Has reporting of incapacity benefits improved?

16 March 2012

The quality of the media's reporting of the welfare reform debate has come in for criticism from many quarters, not least from Full Fact.

Yesterday the Department for Work and Pensions (DWP) released the latest figures on incapacity benefits assessments, followed by a plethora of media reports on the statistics. So have we seen any improvement?

The press release from the DWP stated clearly that more than one third of people going through incapacity benefits reassessment have been found fit for work. The figures were based on 141,100 claimants who had undergone the assessment process, although around 12,000 had not completed it to date.

Opinion was split on how to interpret the figures, with some claiming they showed a remarkable number of people undeservedly receiving benefits, while others asserted the assessments were too harsh.

As ever, the assessment divided claimants into three distinct groups: 'fit for work', entitlement to Employment Support Allowance (ESA) support group, and entitlement to the ESA work related activity group.

The figures for those who had completed the assessment were as follows:

With that in mind, here are some of today's reports:

BBC News: "More than a third of incapacity benefit claimants being reassessed for the new Employment and Support Allowance (ESA) have been deemed fit to work"

The Sun: "590,000 on sickness benefit are fit as a fiddle"

Daily Mail: "Half a million incapacity benefit claimants are fit for work, Government's OWN figures show"


Telegraph: "More than one in three people whose claims for incapacity benefit have been reassessed are fit for work"

Times: "Over a third of incapacity benefit claimants reassessed by the Government have been found fit for work, according to the first set of official statistics released today."

Guardian: "Third of incapacity benefit claimants ruled fit to work"

Although focusing on the 37 per cent judged fit for work, the data is conveyed reasonably accurately. However, the Daily Express noticeably departs from the crowd and instead reports that 7 out of 10 claimants "could be working". Their article also says they are "potentially fit enough to work".

The method behind the Express report is adding together the 37 per cent fit for work and the 34 per cent placed in the work related activity group. People placed in this group are not immediately fit for work but receive support to move into suitable work in the future.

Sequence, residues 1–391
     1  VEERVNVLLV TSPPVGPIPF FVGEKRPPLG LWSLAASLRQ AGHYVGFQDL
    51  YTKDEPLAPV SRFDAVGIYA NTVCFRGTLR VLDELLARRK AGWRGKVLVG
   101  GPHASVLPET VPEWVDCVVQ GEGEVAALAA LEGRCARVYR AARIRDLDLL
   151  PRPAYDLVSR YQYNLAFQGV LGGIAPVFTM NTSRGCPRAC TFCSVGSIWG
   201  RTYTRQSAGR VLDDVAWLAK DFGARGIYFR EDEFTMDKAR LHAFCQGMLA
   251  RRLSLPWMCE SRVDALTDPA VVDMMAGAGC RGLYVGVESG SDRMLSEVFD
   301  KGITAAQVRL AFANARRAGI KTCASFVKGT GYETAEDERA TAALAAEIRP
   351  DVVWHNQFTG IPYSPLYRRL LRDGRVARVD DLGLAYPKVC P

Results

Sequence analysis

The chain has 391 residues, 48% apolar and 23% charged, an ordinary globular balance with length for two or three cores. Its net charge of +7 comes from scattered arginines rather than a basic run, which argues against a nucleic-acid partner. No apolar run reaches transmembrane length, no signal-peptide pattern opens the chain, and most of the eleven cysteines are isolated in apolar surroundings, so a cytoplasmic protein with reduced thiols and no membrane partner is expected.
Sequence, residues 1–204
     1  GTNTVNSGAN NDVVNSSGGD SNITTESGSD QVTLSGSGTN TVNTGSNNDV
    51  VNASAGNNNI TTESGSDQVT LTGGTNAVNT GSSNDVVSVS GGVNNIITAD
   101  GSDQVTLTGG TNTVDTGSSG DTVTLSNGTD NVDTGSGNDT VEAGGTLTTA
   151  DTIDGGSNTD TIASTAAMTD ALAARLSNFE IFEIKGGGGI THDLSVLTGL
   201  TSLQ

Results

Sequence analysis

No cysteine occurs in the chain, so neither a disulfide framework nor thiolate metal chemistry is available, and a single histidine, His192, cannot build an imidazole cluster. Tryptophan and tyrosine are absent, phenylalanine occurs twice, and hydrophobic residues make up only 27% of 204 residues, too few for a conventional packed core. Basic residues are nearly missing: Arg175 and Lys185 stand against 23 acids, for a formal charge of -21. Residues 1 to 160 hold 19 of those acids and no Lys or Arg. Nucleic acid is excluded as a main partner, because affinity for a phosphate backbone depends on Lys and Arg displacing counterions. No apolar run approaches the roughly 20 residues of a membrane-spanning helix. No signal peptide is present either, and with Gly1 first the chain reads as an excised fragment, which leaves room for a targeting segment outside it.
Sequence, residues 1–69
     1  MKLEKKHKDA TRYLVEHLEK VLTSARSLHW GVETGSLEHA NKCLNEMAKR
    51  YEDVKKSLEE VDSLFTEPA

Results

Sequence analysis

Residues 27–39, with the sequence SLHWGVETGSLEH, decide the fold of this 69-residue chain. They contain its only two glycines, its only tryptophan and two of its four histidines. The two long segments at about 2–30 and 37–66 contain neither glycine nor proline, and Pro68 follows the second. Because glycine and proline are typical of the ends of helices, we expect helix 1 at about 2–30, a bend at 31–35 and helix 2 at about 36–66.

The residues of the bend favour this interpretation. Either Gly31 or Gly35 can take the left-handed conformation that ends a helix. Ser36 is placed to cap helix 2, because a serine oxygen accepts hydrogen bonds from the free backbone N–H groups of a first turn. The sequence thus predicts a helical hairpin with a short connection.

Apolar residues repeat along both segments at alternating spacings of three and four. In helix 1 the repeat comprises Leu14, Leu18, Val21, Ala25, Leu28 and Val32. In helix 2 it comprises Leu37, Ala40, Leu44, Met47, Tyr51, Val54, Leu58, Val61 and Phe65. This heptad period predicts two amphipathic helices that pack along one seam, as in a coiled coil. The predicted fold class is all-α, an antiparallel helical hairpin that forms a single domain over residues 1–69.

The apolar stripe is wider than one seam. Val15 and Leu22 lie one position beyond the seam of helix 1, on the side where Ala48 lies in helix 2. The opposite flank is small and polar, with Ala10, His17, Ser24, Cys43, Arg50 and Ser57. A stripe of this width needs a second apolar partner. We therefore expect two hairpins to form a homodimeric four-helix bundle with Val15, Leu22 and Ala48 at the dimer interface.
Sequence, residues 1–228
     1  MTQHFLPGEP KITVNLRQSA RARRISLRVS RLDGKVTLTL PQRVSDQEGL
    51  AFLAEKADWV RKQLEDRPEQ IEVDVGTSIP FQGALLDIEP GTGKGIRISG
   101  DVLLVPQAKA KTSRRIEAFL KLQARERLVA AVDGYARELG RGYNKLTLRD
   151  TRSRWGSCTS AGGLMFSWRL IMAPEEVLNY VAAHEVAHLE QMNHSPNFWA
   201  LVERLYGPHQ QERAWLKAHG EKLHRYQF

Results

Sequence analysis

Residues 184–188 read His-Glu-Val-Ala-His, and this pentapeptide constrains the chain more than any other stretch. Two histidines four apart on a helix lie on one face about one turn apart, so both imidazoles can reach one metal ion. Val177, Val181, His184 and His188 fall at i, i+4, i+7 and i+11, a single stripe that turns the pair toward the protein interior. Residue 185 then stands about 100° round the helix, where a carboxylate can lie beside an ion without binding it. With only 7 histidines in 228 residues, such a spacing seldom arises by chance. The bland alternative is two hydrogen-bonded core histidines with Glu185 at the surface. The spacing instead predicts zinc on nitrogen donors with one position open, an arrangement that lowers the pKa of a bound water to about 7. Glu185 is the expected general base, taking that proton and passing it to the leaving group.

While it is not incorrect to refer to both groups as having the 'potential' to work, it must be made clear that only the 37 per cent fit to work "could be working" immediately - the other 34 per cent were assessed as potentially being able to work in the future. The Express mention this later on in their article.

An improvement on last year?

Incapacity benefit assessment reports happen throughout the year. Indeed, Full Fact found problems as recently as January this year.

However, in February last year, the picture - if the papers are to be believed - was somewhat more bleak:

The Sun: "A SHOCKING 1.8 million people claiming incapacity benefit are FIT to work, figures reveal today."

Daily Mail: "Up to two million people who have been living on sickness benefits for years may be perfectly fit to work, official test results show."

Daily Telegraph: "More than two thirds of those currently claiming incapacity benefit are fit for work, ministers revealed last night, after publishing the first statistical evidence of Britain's bloated benefits culture."

Daily Express: "NEARLY seven out of 10 incapacity benefit claimants were found to be fit for work as part of a Government crackdown on Britain's sick note culture."

Compared to today's reports, the proportion or number found to be ready for work was apparently much higher. However this owes less to any change in the underlying data and more to changes in the way it is reported. We have elicited corrections to a number of incorrect benefit stories from many different papers, so we hope that the press are beginning to better reflect the figures.

For example, while the Sun reported that 1.8 million were 'fit to work' last year by counting those in the WRAG as well as those actually found fit to work, but has today reported that 590,000 were found likewise based on only the latter group.

Similarly, the Express has refined its claim, from stating that 70 per cent were "fit to work" last year to 70 per cent "could be working" today.

While the language used by the press has itself been criticised for being "deeply offensive", we are pleased that reporting is getting closer to the facts and figures.

Full Fact fights bad information

Bad information ruins lives. It promotes hate, damages people’s health, and hurts democracy. You deserve better.